The final legislation adopted some elements of the Forest Service-inspired bill, but it did not alter the definition and intent of the Wilderness Act of 1964. The previous debate regarding the meaning of "wilderness" versus "pristine" land led to the understanding that cultural use of lands should not keep the area from being restored to a "secondary wilderness," with functioning natural processes similar to when the land was in a primary state. Therefore, the Eastern Wilderness Areas Act explicitly protects lands that both suffered previous abuse and have the ability to recover and therefore be designated for wilderness protection.[7]

Wilderness areas created[edit]

Designated Wilderness Areas[8]
Num. Wilderness from National Forest Approximate Area State(s)
acres ha
1 Sipsey Wilderness Bankhead National Forest 12,000 4,900 Alabama
2 Caney Creek Wilderness Ouachita National Forest 14,433 5,841 Arkansas
3 Upper Buffalo Wilderness Ozark National Forest 10,590 4,290 Arkansas
4 Bradwell Bay Wilderness Apalachicola National Forest 22,000 8,900 Florida
5 Beaver Creek Wilderness Daniel Boone National Forest 5,500 2,200 Kentucky
6 Presidential Range-Dry River Wilderness White Mountain National Forest 20,380 8,250 New Hampshire
7 Joyce Kilmer-Slickrock Wilderness Nantahala and Cherokee National Forests 15,000 6,100 North Carolina and Tennessee
8 Ellicott Rock Wilderness Sumter, Nantahala, and Chattahoochee National Forests 3,600 1,500 South Carolina, North Carolina, and Georgia
9 Gee Creek Wilderness Cherokee National Forest 2,570 1,040 Tennessee
10 Bristol Cliffs Wilderness Green Mountain National Forest 6,500 2,600 Vermont
11 Lye Brook Wilderness Green Mountain National Forest 14,300 5,800 Vermont
12 James River Face Wilderness Jefferson National Forest 8,800 3,600 Virginia
13 Dolly Sods Wilderness Monongahela National Forest 10,215 4,134 West Virginia
14 Otter Creek Wilderness Monongahela National Forest 20,000 8,100 West Virginia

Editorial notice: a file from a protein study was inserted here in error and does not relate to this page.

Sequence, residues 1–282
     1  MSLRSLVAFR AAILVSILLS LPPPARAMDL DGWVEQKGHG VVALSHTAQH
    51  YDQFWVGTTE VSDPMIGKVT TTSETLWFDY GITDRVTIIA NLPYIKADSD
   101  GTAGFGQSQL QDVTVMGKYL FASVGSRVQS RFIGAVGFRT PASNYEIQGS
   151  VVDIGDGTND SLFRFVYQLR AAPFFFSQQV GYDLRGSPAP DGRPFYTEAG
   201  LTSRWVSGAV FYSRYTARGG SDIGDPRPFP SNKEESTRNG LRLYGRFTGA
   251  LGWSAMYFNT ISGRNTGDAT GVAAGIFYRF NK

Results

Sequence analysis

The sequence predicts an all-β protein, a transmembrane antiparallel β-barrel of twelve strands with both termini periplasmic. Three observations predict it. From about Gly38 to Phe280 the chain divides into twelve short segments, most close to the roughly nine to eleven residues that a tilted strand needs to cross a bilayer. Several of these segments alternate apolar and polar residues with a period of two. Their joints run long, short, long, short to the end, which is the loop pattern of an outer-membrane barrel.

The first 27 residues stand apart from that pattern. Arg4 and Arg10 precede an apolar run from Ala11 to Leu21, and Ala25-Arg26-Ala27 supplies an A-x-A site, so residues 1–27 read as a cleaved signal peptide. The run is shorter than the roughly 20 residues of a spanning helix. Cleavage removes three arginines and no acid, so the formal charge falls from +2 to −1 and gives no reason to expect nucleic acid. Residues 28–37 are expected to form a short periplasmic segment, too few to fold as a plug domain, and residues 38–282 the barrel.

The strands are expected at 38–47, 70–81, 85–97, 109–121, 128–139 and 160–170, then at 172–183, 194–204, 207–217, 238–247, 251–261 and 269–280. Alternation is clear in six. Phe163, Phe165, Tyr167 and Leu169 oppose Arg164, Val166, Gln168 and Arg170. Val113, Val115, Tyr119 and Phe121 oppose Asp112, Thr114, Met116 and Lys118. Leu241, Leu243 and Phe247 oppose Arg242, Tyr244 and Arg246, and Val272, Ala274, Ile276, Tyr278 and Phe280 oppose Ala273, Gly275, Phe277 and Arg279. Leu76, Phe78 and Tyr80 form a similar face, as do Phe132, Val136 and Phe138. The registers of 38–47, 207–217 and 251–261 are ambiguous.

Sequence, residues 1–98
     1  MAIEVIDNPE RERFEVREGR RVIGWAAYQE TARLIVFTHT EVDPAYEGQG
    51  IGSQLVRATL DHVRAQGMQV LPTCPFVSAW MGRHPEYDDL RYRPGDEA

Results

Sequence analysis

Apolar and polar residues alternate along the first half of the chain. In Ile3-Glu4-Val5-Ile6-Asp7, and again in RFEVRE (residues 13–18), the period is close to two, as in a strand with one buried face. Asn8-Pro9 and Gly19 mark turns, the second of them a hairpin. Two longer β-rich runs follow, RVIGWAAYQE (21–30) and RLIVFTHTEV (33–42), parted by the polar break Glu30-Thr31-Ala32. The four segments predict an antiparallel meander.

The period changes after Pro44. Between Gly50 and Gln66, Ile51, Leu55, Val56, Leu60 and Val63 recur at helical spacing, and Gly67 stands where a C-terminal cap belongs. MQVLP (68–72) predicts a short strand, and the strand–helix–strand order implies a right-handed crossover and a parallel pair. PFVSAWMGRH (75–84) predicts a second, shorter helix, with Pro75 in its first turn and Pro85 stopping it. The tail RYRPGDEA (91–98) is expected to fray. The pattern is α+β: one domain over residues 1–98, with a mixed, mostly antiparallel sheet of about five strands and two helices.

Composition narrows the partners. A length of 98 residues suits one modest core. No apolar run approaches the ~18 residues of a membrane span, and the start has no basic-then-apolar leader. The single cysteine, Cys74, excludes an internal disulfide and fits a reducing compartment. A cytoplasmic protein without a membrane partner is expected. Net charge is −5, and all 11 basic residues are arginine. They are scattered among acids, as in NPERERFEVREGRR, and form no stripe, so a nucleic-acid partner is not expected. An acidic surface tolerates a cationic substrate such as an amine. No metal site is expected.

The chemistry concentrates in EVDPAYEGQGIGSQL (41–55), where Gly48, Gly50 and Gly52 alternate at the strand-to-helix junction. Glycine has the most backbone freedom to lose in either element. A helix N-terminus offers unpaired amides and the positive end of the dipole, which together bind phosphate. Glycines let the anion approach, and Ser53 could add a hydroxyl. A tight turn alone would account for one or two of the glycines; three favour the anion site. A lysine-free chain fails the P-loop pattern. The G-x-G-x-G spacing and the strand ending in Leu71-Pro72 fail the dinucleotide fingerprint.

15 Rainbow Lake Wilderness Chequamegon National Forest 6,600 2,700 Wisconsin

See also[edit]


  • Johnson, Christopher (2006). This Grand & Magnificent Place: The Wilderness Heritage of the White Mountains. Durham, NH: University of New Hampshire Press.
  • Rennicke, Jeff (February 1992). "Micro-Wild". Backpacker. 20 (112).
  • Scott, Doug (2004). The Enduring Wilderness. Golden, CO: Fulcrum Publishing.


  1. ^ Rennicke (1992), p. 55.
  2. ^ Johnson (2006), p. 252.
  3. ^ "The Wilderness Act of 1964". Western North Carolina's Mountain Treasures. Archived from the original on 2019-01-03. Retrieved 16 June 2010.
  4. ^ Scott, Douglas W. (2006). Harmon, David (ed.). Our Nationwide National Wilderness Preservation System (PDF). People, Places, and Parks: Proceedings of the 2005 George Wright Society Conference on Parks, Protected Areas, and Cultural Sites. Hancock, Michigan: The George Wright Society.
  5. ^ Scott (2004), p. 68.
  6. ^ Northup, Jim (April 2001). "George D. Aiken: Father of Eastern Wilderness". Forest Watch. Archived from the original on 2012-03-08.
  7. ^ Scott (2004), p. 69.
  8. ^ "S. 3433 — 93rd Congress: Eastern Wilderness Areas Act". GovTrack. 1974. Retrieved 27 December 2019.

External links[edit]